Wow, what a U.S. Open. From Tiger Woods' opening double bogey to his birdie putt on the final hole to force a playoff, the Open was riveting to watch Sunday afternoon.

For a change, we were able to see some birdies on the final day instead of players trying to hang on for dear life all day. Well, a lot of the golfers were hanging on for dear life, but at least we saw some red numbers for a change ...

Don't you feel bad for Rocco Mediate? He was this close to being the U.S. Open champion, but now he has to go head-to-head with the best player in the world. Even if Woods is hobbling, the popular Mediate faces quite the daunting task ...

It's the only tournament in the world that still has an 18-hole playoff, which makes the U.S. Open unique. But isn't it about time to change the longtime tradition? I don't think a lot of fans want to change plans to stick around for another 18-hole round, which is usually anticlimactic anyway. And since most folks work on Mondays, who watches it on TV? I know the USGA wants a "true" champion and sometimes sudden-death playoffs are decided on a fluke, so perhaps the British Open's four-hole playoff may be the way to go ...

Give the USGA credit for moving up several tees for Sunday's final round, making it 443 yards shorter than previous days. That gave golfers the chance to go for more pins and the opportunity for more birdies and even eagles. After 7-over-par won last year's Open at Oakmont, I guess the USGA wanted to make sure the winner was in red numbers this time around. It barely happened, with Woods and Mediate finishing at 1-under par for the week ...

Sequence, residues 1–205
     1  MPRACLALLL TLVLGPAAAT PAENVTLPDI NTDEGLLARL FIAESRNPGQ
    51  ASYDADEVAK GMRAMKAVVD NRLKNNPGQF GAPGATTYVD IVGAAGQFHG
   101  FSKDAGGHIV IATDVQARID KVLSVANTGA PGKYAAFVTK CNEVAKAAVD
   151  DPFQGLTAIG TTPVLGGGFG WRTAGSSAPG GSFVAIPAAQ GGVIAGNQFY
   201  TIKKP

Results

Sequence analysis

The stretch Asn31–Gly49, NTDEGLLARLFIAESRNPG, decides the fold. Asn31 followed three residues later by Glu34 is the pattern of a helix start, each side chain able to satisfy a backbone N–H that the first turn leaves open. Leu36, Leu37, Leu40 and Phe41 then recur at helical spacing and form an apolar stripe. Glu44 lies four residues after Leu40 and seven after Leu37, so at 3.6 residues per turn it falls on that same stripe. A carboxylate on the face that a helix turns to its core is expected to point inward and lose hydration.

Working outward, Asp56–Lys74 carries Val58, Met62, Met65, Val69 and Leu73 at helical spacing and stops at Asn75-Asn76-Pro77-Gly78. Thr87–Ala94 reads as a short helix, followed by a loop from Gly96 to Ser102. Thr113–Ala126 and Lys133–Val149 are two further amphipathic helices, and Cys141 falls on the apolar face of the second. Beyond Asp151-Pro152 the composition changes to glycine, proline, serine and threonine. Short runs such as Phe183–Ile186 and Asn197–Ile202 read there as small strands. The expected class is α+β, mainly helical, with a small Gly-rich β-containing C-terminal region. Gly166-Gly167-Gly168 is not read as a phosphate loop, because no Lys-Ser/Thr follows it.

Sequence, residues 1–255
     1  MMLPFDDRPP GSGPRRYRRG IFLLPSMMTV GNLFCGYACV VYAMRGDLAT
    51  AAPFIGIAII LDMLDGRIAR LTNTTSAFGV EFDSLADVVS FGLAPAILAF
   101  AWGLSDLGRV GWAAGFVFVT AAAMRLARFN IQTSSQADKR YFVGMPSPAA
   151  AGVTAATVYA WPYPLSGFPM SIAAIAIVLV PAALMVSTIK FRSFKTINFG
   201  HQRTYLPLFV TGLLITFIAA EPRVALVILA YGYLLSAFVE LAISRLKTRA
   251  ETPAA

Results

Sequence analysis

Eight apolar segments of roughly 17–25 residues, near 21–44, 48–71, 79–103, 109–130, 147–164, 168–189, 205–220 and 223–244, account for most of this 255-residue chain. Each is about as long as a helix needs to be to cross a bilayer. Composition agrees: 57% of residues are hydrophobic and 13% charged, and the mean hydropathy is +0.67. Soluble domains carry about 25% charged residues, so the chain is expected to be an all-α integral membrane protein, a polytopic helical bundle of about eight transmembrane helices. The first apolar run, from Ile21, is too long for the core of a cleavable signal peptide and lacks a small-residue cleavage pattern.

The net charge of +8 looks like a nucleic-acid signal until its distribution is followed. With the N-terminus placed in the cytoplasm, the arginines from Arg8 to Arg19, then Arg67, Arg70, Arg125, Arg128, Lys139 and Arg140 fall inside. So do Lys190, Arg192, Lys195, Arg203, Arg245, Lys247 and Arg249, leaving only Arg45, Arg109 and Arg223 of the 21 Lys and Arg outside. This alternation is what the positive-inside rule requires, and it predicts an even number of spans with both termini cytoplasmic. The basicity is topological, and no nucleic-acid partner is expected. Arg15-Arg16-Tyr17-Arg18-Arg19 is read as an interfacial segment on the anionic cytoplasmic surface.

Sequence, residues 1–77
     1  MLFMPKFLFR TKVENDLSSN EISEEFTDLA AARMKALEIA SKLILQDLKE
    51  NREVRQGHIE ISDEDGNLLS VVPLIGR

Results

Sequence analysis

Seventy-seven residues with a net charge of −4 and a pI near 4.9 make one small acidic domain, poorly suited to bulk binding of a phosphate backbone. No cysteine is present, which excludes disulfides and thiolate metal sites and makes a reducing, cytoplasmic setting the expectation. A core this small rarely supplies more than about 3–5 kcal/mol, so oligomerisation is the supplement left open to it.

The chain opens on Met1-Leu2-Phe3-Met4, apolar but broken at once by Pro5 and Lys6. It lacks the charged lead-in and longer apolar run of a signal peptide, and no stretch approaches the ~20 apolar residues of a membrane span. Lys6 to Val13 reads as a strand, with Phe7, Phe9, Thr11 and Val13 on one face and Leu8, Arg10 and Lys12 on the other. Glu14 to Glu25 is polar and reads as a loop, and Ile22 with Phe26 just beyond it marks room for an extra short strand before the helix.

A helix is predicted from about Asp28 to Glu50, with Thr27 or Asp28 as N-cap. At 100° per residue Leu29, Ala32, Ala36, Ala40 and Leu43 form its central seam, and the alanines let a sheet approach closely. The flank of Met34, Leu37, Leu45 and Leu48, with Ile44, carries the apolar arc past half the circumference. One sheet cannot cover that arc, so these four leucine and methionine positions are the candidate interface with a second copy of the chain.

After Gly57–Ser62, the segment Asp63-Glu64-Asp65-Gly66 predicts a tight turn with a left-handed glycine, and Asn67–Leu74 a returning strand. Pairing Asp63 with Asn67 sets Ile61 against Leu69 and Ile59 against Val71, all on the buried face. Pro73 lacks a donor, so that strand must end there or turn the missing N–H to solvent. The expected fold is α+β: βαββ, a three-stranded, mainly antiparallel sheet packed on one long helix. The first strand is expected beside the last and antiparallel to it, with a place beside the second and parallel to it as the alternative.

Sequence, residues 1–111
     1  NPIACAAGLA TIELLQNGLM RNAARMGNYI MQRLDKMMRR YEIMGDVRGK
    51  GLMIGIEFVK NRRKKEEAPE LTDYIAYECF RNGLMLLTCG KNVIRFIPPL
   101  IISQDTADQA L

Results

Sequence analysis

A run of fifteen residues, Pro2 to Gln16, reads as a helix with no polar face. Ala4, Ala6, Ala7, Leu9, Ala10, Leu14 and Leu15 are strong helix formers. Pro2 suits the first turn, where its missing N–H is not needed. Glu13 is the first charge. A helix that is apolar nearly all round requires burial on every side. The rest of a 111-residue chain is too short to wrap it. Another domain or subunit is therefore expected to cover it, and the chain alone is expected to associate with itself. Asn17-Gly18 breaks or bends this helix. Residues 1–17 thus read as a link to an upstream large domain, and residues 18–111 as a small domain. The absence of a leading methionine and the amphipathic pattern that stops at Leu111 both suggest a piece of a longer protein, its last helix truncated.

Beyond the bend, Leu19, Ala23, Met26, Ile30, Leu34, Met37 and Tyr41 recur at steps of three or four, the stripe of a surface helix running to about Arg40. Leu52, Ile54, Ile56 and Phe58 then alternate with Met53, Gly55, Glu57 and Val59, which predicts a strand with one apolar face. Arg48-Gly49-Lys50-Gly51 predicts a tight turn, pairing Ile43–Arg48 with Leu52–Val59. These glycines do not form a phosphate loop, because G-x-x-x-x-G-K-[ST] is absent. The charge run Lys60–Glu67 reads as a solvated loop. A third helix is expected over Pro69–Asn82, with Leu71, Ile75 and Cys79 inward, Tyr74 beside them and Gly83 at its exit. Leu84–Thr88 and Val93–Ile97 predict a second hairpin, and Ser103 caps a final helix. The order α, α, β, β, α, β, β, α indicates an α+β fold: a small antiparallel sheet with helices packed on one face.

Turning to basketball, I'm not a conspiracy guy, so I tend to immediately dismiss the notion that a large organization like the NBA is trying to make games or series go in a certain direction. That's what disgraced official Tim Donaghy charged last week, saying that certain games or series were intentionally influenced by officials' calls. It seems like if that happened, then it seems like something else would come out besides from a guy headed to jail for 25 years. Still, it makes you wonder ...

I do wish NBA officials would be given a refresher course on some of the rules of the game. I get so tired of players taking three or four steps to get to the hoop and never get called for traveling. Also, it would be nice if refs could learn to throw the ball up straight on jump balls. Use two hands if you have to ...

I see where Cubs manager Lou Piniella has come out against instant replay in baseball. I would be against it too, if it was used for a variety of plays like it is in football. But the proposal, which may begin Aug. 1, as I understand it, is for instant replay to be used in a very limited way, just on home run and foul balls. Piniella contends it will slow down the game, an additional three to five minutes in a handful of games to get the call right, won't make a huge difference ...

Are you excited about the upcoming NBA Draft. Judging by the players the Jazz are bringing in, I'd guess Jarron Collins might be looking for a new job pretty soon ...

Don't miss your chance to see the greatest woman golfer of our generation in Utah the next two days. Annika Sorenstam will be at Thanksgiving Point Golf Club for the annual Sorenson Champions Challenge. Sorenstam is retiring at the end of this year and isn't planning to play competitive golf. Maybe you can figure out how the heck she's able to hit the ball after she's already turned her head toward the hole ...

And finally, congratulations to Centerville's Joshua Madsen and his father David, who were announced Sunday as winners of the Golf Channel's Father's Day Dream Trip contest. The Madsens were awarded a trip to the birthplace of golf, St. Andrews, Scotland, — among other prizes — during the Golf Channel's Live From the U.S. Open telecast. Madsen's essay was the winner among the 6,000 essays entered in the contest.


E-mail: [email protected]